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Rigsby’s - Closed

Home Forums General Columbus Discussion Dining Rigsby’s – Closed

Viewing 15 posts - 1 through 15 (of 46 total)
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  • #1100869

    News
    Participant

    Rigsby’s Kitchen Closes After 29 Years in Business
    November 8, 2015 10:13 am – Walker Evans

    An iconic Columbus restaurant is no more. Rigsby’s Kitchen, located at 698 North High Street in the Short North, closed its doors for good last night. Columbus Underground has been told by guests last night that they were informed by owner Kent Rigsby that the restaurant would be closing effective immediately.

    READ MORE: https://www.columbusunderground.com/rigsbys-closing

    #1100870

    ohbr
    Participant

    Will be interesting to see how this evolved and what comes next. maybe he’ll move on to the next up and coming neighborhood. It’s sad to see Rigsby’s go. I thoroughly enjoyed it.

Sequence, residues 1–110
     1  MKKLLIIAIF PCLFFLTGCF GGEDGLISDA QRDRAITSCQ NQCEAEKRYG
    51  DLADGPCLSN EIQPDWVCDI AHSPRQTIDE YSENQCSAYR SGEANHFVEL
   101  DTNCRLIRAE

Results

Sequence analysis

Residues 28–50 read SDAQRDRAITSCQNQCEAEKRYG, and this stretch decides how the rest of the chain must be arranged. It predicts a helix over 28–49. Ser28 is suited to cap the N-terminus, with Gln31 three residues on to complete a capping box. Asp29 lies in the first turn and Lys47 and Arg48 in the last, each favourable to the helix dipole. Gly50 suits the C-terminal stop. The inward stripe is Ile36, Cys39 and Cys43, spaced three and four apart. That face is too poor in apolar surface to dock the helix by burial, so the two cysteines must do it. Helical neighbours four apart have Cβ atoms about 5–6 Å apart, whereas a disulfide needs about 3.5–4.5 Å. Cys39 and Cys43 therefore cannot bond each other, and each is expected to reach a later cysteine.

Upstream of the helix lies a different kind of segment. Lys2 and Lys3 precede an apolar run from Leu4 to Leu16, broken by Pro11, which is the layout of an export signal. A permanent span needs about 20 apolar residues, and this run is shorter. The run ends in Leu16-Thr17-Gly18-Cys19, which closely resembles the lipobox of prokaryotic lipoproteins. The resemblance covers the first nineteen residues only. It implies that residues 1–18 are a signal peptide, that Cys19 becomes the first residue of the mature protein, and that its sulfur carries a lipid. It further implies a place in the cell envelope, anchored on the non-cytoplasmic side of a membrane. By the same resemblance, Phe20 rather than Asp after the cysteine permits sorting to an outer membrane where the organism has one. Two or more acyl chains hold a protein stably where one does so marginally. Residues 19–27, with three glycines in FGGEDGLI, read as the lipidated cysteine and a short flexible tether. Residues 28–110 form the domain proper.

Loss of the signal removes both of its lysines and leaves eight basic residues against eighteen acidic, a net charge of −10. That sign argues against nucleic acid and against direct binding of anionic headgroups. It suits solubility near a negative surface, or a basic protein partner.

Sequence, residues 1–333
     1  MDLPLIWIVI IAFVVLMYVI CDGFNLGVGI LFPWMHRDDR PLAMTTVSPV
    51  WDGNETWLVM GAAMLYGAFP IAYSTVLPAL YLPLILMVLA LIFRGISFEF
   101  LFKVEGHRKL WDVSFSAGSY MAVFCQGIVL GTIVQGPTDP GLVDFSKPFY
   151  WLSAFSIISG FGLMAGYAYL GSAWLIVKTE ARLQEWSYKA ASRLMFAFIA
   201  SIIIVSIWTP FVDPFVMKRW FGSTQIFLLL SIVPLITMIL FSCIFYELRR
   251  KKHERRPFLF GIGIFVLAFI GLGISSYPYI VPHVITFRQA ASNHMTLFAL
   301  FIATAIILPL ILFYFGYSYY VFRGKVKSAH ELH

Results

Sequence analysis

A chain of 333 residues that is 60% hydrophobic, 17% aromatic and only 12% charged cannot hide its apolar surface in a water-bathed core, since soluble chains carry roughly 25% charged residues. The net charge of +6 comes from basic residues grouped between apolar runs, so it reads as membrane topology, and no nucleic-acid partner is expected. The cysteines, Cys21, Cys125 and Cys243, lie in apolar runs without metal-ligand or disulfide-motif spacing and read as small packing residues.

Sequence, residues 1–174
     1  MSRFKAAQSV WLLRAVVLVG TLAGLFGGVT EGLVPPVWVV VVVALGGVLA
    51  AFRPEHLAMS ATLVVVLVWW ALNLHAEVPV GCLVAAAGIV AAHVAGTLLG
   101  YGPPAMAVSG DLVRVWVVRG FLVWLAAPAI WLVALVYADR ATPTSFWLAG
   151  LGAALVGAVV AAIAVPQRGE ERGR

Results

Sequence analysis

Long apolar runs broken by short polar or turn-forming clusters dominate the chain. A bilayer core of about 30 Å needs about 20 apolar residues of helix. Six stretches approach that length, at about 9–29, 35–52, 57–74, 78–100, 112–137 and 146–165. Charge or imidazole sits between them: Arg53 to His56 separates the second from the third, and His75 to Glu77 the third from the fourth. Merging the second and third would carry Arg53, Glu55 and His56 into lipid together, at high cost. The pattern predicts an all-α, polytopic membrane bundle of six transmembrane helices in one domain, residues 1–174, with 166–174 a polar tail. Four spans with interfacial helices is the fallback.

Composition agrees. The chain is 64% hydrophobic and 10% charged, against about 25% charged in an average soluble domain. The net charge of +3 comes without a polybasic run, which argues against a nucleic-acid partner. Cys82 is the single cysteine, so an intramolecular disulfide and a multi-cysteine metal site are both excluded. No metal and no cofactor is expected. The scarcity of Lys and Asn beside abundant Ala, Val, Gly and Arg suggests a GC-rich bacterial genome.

#1100873
    MichaelC
    MichaelC
    Participant

    Here’s hoping Chef Rigsby doesn’t hang it up just yet.

    #1100874

    heresthecasey
    Participant

    He has a statement posted on the restaurant’s facebook page,

    The curtain came down for the final time last night, (Nov. 8th), on the long run that was Rigsby’s kitchen. I’m saddened by this reality and at the same time proud and grateful for the amazing memories and and experiences that come with 29 years of running one of Columbus’ top restaurants. Thank you to the wonderful customers who have graced our doors over the years. I have met so many incredible people and developed many life-long friendships. And thank you to so many talented and hardworking people who I have been so fortunate to work with side by side over these many years.

    And GRAZIE MILLE, (there is just more poetry in the Italian language), but I really feel it, 1000 thanks to all you caring and lovely people that have posted here. Rest assured, I have so much to be thankful for, especially the health of my family and their individual greatness.

    I look forward with energy and excitement to my next professional challenge. There will soon be a new curtain rising on my next act. I’ll keep you posted!